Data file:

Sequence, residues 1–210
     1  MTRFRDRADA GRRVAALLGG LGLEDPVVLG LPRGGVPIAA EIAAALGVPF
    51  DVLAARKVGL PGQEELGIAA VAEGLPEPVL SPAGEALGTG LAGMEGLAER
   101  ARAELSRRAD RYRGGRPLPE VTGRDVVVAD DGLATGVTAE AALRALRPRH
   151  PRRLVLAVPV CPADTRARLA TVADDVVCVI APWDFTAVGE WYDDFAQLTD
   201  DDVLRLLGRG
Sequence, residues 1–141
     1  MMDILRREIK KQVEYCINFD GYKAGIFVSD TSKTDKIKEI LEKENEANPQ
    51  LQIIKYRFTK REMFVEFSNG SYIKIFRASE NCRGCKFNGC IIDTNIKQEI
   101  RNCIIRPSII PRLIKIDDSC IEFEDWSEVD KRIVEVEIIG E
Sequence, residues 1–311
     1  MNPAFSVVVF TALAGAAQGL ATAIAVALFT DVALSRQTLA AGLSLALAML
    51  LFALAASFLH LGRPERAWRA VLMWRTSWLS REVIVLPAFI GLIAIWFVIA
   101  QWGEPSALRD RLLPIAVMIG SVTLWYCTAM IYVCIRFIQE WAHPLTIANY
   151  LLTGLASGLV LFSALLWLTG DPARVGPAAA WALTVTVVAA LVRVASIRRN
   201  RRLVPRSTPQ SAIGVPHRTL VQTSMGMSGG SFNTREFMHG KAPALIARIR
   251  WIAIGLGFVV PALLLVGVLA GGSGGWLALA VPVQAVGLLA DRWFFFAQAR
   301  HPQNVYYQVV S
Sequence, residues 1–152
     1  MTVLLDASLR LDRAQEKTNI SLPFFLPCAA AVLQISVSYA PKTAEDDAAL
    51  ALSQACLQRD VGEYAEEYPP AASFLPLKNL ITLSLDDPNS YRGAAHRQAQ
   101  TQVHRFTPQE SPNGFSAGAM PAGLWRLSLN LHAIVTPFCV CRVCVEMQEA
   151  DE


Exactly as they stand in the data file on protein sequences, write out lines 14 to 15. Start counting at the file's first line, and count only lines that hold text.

   101  QWGEPSALRD RLLPIAVMIG SVTLWYCTAM IYVCIRFIQE WAHPLTIANY
   151  LLTGLASGLV LFSALLWLTG DPARVGPAAA WALTVTVVAA LVRVASIRRN